CHAPTER 1-DEFINITIONS

CHAPTER 1

DEFINITIONS

Ch.1.1. Evidence:

Evidence means and includes:

i) All statements which the court permits or requires to be made before it by witness in relation to a Matter of fact under inquiry such statements are called oral evidence.

ii) All documents produced for the inspection of the court Evidence may be oral or documentary. Evidence is defined as any matter of fact the effect or Tendency of which is to produce in the mind a persuasion of the existence (or otherwise) of some other Matter or fact, The textual definition refers only to oral and documentary evidence and hence incomplete. The Judge may rest his judgment on various other media of proof as well. Inspection report, facts which the Court may take judicial notice etc. are not covered by the definition.An affidavit is not ‘evidence’ under this section. Similarly confessions of Co-accused, Mahajar Report, finding of the tracker dogs or tape recordings etc.; are not evidence. These are to be proved andThen the court may decide their admissibility and evidentiary value.Three major principles of evidence are i) it must be confined to facts in issue and relevant facts ii)Hearsay evidence is not admissible iii) Best evidence must be produced before the court.


Ch.1.2 Fact and Fact in Issue;

'Fact' means anything or state of thing which is capable of being perceived by the senses. It also Includes any mental condition of which a person is conscious.

Eg. i) if a man hears something then that he heard something is a fact.

ii) That a person has said certain words is a fact.  Facts are of two kinds:

·Physical

·Psychological (item which exists in mind)

Facts in issue means any fact from which either by itself or in connection with other facts there Necessarily follows the nature of the right asserted or denied in any civil or criminal proceedings.

'A' is accused of murder. The following are the facts in issue: 1) A caused B's death ii) A intended to Cause the death of B iii) A had received a grave and sudden provocation from B. Matters which are in Dispute or which form the subject of investigation are to be determined by the court. When the Court

Investigates the facts there may be allegation and denials by the parties to the dispute. From these the court settles the facts in issue. These are called issues under Civil Procedure Code. Ch.l.3.Relevant Facts: Facts mean: Anything capable of being perceived by the senses and any mental condition of which any person is conscious. Facts in issue are matters which are in dispute or subjects for determinate relevant facts are defined in Sns. 3 & 5. Evidence may be given of i) facts in issue and ii) of such other facts declared to be relevant by the  Evidence Act, and of no others.-Generally speaking, evidence should to be confined to the facts in issue. But there are collateral facts which are intermixed with the facts in issue and according to the Evidence Act these are relevant and admissible.  Relevancy is the test of admissibility. i) A fact not relevant may become relevant because of a presumption. ii)  The terms of a contact may be relevant but no oral evidence is allowed except the document itself. iii) In examination in chief though there may be facts leading questions concerning them are not Admissible. But in cross examination leading question may be freely asked. The objective of the evidence Act to save public time and to prevent fanciful inferences which may prejudice and mislead the court. Hence only collateral facts which are relevant according to the Evidence Act are admissible. All others are inadmissible. The discretion of the court is guided by the provisions of ‘the Act. Ch.1.4 Res Gestae (Sn.6): These are facts surrounding or accompanying a transaction. This has a reference to the circumstances Which are the automatic and the unsigned incidents. The incidents may consist of the sayings and doings Of persons. Res Gestae according to Cross's Law of Evidence, is a blanket phrase covering, a variety of items of evidence for variety of purposes.   Eg.  A sues  B for  a  libel.  The libel was in a letter.  The correspondence between the parties relating to the subject of libel are relevant facts. A is accused of the murder of B by beating. All things said or done by A & B, or by the bystanders, at the Time of beatings or just before it are relevant facts (Res Gestae).  Of course, Hearsay evidence is not Admissible. Hence. Res Gestae refers to statements relating to and contemporaneous with a relevant fact. The Essence of it is that there must be continuity of action and purpose. (i) R.V. Thompson (committing abortion of a woman), all acts done and statements made before or After abortion were allowed as Res gestae. (ii)  In R.V.  Lillyman, the accused had ravished a woman W.  The particulars given by her in her complaint,  were allowed as they were  consistent  with her  conduct  and for  not  giving her  consent  for Ravishment. Ch.1.5. 30 Years Old Document (Ancient Document) (Sn. 90): There is a presumption in respect of a document which is 30 years old that the signature and other  Parts of the document which purport to be in the handwriting of a particular person, is in that persons Handwriting. In respect of its execution or attestation, the court may presume that it has been duly done.Such a document must be in the proper custody of a person, who would naturally be in possession Of it. The legitimate origin can be proved. Eg. A produces title deeds relating to his land. The custody is proper. This rule is based on necessity and convenience. Further, after the lapse of such a longtime, i.e., 30 years or more it may be difficult formally to prove the handwriting, attestation, etc. These documents are also called ancient documents. 30 years is calculated of an ancient document. It does not apply to other aspects. In Chiranjilal vs. Kallo the court held that when a 30 years old document was produced there was no presumption as to its genuineness.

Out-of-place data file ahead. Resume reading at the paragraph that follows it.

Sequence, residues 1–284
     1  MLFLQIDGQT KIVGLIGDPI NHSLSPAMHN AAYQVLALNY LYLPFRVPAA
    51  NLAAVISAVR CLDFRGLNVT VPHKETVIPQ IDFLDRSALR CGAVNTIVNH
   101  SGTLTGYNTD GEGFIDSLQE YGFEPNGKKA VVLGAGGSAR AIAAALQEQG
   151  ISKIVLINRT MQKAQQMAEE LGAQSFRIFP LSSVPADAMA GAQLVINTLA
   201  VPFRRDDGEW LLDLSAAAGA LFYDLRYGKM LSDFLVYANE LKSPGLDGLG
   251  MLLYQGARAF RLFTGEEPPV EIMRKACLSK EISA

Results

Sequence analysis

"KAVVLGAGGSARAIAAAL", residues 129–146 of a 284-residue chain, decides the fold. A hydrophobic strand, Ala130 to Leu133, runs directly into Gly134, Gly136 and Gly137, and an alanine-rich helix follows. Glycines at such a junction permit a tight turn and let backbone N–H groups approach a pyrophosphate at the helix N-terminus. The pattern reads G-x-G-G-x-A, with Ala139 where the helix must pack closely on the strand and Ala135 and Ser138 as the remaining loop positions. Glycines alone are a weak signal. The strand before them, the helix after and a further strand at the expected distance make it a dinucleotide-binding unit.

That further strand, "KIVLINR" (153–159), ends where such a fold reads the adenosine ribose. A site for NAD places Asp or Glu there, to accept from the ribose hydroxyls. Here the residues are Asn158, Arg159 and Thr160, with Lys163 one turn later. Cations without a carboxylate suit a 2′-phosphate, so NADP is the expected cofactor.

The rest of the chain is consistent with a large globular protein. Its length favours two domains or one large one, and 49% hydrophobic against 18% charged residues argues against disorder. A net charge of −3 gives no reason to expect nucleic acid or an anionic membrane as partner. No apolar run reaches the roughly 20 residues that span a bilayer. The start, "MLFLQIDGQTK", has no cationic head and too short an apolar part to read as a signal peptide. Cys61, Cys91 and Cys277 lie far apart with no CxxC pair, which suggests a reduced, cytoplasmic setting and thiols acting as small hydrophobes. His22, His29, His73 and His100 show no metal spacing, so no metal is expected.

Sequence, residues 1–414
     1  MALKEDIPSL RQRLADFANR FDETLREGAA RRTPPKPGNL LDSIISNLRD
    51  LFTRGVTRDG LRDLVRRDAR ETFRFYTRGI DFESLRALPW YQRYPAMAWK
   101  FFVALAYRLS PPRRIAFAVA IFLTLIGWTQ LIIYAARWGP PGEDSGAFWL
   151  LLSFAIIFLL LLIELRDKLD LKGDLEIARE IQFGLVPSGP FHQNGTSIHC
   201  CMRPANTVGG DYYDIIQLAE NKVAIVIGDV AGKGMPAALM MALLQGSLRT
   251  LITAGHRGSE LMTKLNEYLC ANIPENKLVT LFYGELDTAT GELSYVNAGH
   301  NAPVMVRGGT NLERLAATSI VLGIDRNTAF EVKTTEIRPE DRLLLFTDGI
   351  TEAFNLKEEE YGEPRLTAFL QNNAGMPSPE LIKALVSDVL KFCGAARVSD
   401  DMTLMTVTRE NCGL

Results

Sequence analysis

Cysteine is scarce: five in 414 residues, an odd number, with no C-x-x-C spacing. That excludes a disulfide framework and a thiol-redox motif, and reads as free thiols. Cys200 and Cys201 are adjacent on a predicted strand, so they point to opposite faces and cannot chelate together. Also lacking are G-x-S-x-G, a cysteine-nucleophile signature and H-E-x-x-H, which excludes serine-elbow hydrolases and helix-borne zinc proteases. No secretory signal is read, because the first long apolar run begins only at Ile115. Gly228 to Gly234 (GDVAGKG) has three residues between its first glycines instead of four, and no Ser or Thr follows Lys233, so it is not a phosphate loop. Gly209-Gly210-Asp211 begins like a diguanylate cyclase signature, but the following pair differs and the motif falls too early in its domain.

Ch.1.6. Judgment in Rem (Sn.41): (i) A judgment in rem, is conclusive not only against the parties, but also against all the world (Norton).  The judgment must been given upon the status of some particular subject matter and it must be by a Competent court. Any person who is affected by the decision may appear and assert his own rights by Becoming an actual party to the proceedings. The leading case in Kanhya vs. Radha, where Peacock J. laid down this rule. A judgment in rem of a Competent Court which is exercising its jurisdiction in probate, Matrimonial,  Admiralty or Insolvency is binding on all persons, whether parties or privies or strangers. It is a conclusive proof of the legal character. (ii) The legal character is the one that the judgment in rem confers, takes away or declares, in it's Judgment. It may declare the property rights of any person. It is conclusive in regard to the martial status Of parties, insolvency, probate and admiralty.  Eg.  Decree of divorce, of granting probate of status in Insolvency etc. Testator T dies leaving a will, with E as his executor. A, B, C & D dispute the will. The probate court Decides that the will is genuine, it grants probate to E. This is binding on A, B, C, & D, and, also on all Persons in the world. It is conclusive. (iii) It may be impeached by proving: ·That the court, had no jurisdiction. ·That the judgment was obtained by fraud. ·That it was not given on merits. ·That it was not final, iv) Judgment in Personam: This is the judgment of the court binding on the parties to the case only or their legal representatives, On the matters decided by the court. Judgments in Contracts, Torts, etc., fall to this category. Such judgments are not a bar between strangers or between a party to the judgment and a stranger. There is one exception. When the judgment relates to a matter of Public nature, it may be relevant. A sues B for trespass on his land. B alleges that there was a public right of way. A denies. In a Previous suit between A and C there was a decree in favor of C for public right of way on the same land. Such a decree, is relevant but not conclusive. Ch.1.7. Alibi Evidence (Sn. ll): Alibi means elsewhere. It is a complete Defence in Criminal Cases. (i) The Charge is that A has committed theft at Bombay on 25-12-92. The fact that on that day A  Was in Calcutta is a relevant fact. The fact that A was far away from the place of crime makes it highly Improbable (though not impossible) that A has committed theft. (ii) The charge is that A has committed an offence. The circumstances are such that A, B, C, or D must Have committed the offence. The fact that it was not committed by B, C, or D is relevant. The leading case in R.V.Richardson. In this R committed murder of a peasant girl in a cottage but Claimed alibi. The circumstances showed that the plea was bad. He was found guilty. The principle of alibi is: Facts (not otherwise relevant) are relevant (i) If they are inconsistent with any fact in issue or relevant fact. (ii) If the facts in connection with other facts make the existence of the fact in issue or relevant Fact, impossible. Thus, in the illustration, if A is elsewhere at the time of the crime, it   is inconsistent with the fact in issue. This also makes it improbable that A who is at Calcutta could commit theft, at that time at Bombay. Ch.1.8. Child Witness: A child of tender age is competent to be a witness before a court but it must have intellectually and Sufficiently developed to understand what it has seen and also to tell the court about the same. Whether a Child is sufficiently developed or not may be tested in examination-in-chief. The child must be capable of Giving rational answers.lt is left to the discretion of the court to decide the competency of the child. In criminal cases, it has been held, that, the conviction of the accused cannot be based solely on the solitary evidence of a child, because children are the most untrusty-worthy class of witnesses. They may Mistake dreams for realities and are greatly influenced by fear of punishment, by hope of reward and by a Desire of notoriety. In Abbas Ali Shah vs. Emperor, the Privy Council said that it is not sound rule to act on the uncorroborated evidence of a child. This is only a rule of prudence and not law. Ch.1.9. Proved, disproved and not proved: Proved: A fact is said to be proved when the court after considering the matters before it, believes Its existence or believes it to be so probable that a prudent man would conclude it to exist under the Circumstances of the case. This definition indicates, the degree of certainty which must be reached. Proof means anything which helps to convince the mind, of the truth or falsehood of a fact. Absolute Certainty may not be had in the affairs of life.  Practical good sense and prudence consist in judging Matters with a degree of probability or certainty. Suspicion will not give probative force to testimony and An accused cannot be convicted on grounds of suspicion. Disproved: A fact is said to be disproved when the court after considering the matters before it, Believes that it does not exist or considers its non-existence so probable that a prudent man would Conclude it, not to exist under the circumstances of the case. Not proved: A fact is said to be not proved when it is neither proved nor disproved. (i) A is tried for murder of B. On the basis of evidence the court is satisfied that A has murdered. Here, the charge is proved. (ii) A is tried for theft. The prosecution could not convince the court with evidence available. The  Accused, showed evidence that he has not committed theft. The judge is convinced. The charge Is disproved. (iii) A is charged with receiving of stolen property. The evidence could not establish beyond Doubt that A is guilty. The court may declare the charge as not proved. Proof may be direct or circumstantial. The court decides whether a fact is proved or disproved. A fact is proved when the court believes it to be certain and most probable. It is disproved whenIt is uncertain or improbable or not possible. A stage between these two is 'not proved. That is, the court will not be able to say precisely, how the matter stands. Ii) Opinions as to customs, rights, etc. When the court is to form an opinion as to the existence of a general custom or right the opinions of Persons who are likely to have knowledge of it, are relevant.Eg. Customary right of way, necessary easements, etc. iii) Opinions as to usages, tenets: Opinions of persons having special knowledge. Of words or terms used in charitable or Religious Institutions, or Government or family or classes of persons, are relevant. This helps the court to form its Own opinions, about the usage.Eg. Rate of interest on loans; agricultural year, IV) Opinions on relationships . When the court is to form its opinion, in respect of relationship between one person and another, the Opinion of a member of a family who has special knowledge on the subject, is relevant. Exceptions: Such an opinion is not admissible to prove a marriage; or to prosecute for Bigamy under I.P.C. "